It may be that the difference between the two causes of action becomes blurred. In both covenant cases and rights of light cases, the failure to observe the right can lead to the defendant making unlawful use of the burdened land which can be translated into the economic value of the claimant’s right to prevent that. As already noted, that right can be protected by an injunction which prevents the defendant deriving the benefit in terms of building, etc, in breach of the right.

But what should be the approach to damages where an injunction is refused? This is not an uncommon situation where property rights will be, or have been, infringed.

Where an injunction is refused

Damages will invariably be sought where the court has declined to grant an injunction. The decision in One Step confirms that one method for valuing the right which is not being specifically enforced by an injunction is to assess the amount which the claimant might reasonably have demanded for the relaxation of the obligation in question. However, it emphasised that this is not the only approach and it is for the court to judge the appropriate method to use.

What unites the approach to damages – whether for breach of covenant or of an easement – is the jurisdiction of the court to award damages in lieu of an injunction under section 50 of the Senior Courts Act 1981. The judgment of Lord Reed in One Step considers how the law relating to such damages has developed. What emerges is the definition of the category of damages which we must now describe as “negotiating damages”. The task for a judge when awarding damages under section 50 is therefore to consider the economic value, or monetary substitute, for what is lost by the refusal of an injunction.

In cases where there has been (or will be) a breach of a property right (whether in contract, tort, or trespass) the value of that right ought to be capable of estimation by the value to the claimant of the right he was seeking to protect or preserve. One Step contains a clear warning that, in cases of economic loss, it is for the judge to determine that loss on the available evidence, which may require taking into account the amount of a hypothetical release fee. But such a fee may not be the only way of measuring the value of the claim. At the end of the day, the award must be compensatory.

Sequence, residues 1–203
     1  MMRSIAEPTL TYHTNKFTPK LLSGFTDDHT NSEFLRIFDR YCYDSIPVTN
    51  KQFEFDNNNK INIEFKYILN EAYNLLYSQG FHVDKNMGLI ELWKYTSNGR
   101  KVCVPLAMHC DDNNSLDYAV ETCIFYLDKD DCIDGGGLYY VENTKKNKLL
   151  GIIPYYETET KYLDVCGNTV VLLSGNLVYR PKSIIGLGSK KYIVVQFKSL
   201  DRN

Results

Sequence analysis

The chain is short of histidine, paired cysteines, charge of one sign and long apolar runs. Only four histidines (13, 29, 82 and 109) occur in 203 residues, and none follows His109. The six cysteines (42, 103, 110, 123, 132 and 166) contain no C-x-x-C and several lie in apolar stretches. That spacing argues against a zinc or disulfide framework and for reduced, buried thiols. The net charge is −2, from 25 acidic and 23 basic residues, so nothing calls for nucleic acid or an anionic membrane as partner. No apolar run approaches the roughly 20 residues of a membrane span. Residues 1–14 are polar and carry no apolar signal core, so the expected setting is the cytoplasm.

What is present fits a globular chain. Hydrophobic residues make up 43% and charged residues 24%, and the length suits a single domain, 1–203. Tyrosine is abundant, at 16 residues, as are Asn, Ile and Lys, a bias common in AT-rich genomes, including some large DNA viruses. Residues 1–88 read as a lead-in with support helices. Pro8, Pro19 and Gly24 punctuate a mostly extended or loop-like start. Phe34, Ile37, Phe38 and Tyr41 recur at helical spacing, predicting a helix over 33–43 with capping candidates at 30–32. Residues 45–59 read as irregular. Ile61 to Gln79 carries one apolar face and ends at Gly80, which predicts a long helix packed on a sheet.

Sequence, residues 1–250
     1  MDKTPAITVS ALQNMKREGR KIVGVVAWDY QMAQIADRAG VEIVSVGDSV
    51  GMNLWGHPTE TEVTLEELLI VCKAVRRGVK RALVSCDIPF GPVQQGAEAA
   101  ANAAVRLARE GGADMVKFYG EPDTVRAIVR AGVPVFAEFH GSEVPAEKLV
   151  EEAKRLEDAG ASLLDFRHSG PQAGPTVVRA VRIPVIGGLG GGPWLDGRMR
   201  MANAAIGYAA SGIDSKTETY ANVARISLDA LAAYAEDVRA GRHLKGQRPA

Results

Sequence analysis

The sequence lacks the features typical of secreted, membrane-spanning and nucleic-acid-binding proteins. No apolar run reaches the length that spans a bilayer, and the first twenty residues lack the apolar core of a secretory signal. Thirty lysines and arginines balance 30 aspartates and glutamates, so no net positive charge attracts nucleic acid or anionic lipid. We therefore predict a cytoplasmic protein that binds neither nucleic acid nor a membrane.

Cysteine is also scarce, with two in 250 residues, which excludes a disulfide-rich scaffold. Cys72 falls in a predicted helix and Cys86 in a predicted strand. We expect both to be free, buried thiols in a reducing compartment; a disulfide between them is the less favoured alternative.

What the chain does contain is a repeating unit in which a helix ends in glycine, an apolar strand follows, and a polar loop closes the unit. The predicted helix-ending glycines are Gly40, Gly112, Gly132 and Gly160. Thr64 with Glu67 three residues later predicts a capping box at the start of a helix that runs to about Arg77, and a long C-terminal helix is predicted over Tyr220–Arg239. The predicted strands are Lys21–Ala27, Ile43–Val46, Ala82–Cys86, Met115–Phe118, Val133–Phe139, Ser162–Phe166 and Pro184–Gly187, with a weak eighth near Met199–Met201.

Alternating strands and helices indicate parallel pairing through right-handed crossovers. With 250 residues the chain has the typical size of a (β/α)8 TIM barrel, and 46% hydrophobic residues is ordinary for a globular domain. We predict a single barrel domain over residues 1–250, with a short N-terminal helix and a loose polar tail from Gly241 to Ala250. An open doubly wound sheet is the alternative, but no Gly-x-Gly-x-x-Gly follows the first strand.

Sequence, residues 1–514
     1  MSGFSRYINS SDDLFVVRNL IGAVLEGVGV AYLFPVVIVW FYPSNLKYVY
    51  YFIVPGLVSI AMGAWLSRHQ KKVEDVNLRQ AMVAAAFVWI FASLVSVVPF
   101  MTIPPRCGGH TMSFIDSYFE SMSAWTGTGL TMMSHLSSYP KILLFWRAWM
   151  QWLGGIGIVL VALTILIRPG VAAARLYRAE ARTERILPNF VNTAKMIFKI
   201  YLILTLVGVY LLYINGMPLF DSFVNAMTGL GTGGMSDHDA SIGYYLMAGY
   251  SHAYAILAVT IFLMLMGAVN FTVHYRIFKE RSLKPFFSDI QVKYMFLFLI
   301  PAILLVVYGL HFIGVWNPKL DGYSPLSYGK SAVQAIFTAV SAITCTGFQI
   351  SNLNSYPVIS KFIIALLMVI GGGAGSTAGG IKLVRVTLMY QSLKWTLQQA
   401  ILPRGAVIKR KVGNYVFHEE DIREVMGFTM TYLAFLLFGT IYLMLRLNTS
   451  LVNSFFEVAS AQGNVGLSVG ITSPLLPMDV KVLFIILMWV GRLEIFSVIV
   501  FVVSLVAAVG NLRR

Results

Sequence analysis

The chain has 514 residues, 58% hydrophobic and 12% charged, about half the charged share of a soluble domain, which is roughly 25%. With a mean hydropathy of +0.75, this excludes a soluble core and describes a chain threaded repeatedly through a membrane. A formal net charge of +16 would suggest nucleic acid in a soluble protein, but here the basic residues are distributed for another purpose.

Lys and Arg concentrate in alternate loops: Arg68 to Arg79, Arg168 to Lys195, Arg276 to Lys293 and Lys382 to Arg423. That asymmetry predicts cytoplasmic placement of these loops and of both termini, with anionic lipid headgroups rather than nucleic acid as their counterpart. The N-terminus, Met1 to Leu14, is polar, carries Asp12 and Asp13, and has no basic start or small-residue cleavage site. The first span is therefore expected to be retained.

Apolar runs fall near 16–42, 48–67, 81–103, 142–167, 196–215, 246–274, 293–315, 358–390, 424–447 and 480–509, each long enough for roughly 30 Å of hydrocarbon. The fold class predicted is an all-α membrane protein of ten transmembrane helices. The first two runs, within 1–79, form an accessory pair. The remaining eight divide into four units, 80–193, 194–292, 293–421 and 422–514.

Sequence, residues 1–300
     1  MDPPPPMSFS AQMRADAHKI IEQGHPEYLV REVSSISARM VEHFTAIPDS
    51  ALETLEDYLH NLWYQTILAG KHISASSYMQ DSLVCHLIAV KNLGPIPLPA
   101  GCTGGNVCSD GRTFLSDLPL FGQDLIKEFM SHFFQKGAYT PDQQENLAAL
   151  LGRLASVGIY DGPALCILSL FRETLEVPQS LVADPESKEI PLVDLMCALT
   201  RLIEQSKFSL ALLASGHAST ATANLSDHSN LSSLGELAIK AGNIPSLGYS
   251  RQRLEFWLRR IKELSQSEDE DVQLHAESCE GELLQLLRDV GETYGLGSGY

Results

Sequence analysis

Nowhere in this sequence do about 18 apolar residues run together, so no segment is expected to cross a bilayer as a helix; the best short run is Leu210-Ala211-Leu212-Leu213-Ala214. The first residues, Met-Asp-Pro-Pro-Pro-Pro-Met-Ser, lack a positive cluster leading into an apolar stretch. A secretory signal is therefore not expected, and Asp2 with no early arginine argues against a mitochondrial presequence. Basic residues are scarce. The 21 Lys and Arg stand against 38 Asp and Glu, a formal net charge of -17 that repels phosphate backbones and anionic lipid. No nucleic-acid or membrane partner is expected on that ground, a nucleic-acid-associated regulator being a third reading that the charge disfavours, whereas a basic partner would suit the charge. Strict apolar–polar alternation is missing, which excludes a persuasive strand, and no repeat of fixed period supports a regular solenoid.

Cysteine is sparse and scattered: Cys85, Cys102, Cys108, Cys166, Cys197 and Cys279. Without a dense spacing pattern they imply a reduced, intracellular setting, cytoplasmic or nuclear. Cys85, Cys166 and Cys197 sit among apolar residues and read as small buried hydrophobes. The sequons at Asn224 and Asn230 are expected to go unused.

It is now clear that, for the purposes of negotiation, it is permissible to take as a measure of damages the economic value of the right which is, or will be, broken. That value is what is lost to the claimant by the refusal of an injunction. That value can be the benefit gained by the defendant as a result of the wrongful use of his property. Whether the claim is for breach of a right of light, or is for breach of a restrictive covenant, the compensation and the sum to be agreed to be paid to the claimant should be based on the net value of that benefit. If an injunction were to be granted, the defendant could not make the net profit, or enjoy the net gain, from the development undertaken in breach of the claimant’s rights.

What next?

One Step does not offer claimants the certainty of any fixed percentage share of profit available in circumstances where property rights are infringed and negotiating damages are suitable. Trial judges retain a strong element of discretion over deciding the availability of release fee damages and how to calculate them. However, the suggestion in Amec Developments Ltd v Jury’s Hotel Management (UK) Ltd [2001] 1 EGLR 81 that the hypothetical deal “has to feel right” is likely to remain a strong guide for the courts in future cases where negotiating damages are awarded.

Developers – and their neighbours – will need to bear this in mind when they negotiate. There is no automatic Stokes-style (Stokes v Cambridge Corp [1962] 13 P&CR 77) one-third as the fraction to be applied to the net profit, or gain. It seems obvious that a party’s expectations in any negotiation should be governed by the likely approach of the court when assessing damages, so far as it is possible to judge that. However, our experience is that the amounts put forward in these types of negotiations often fail to reflect this “reality check”.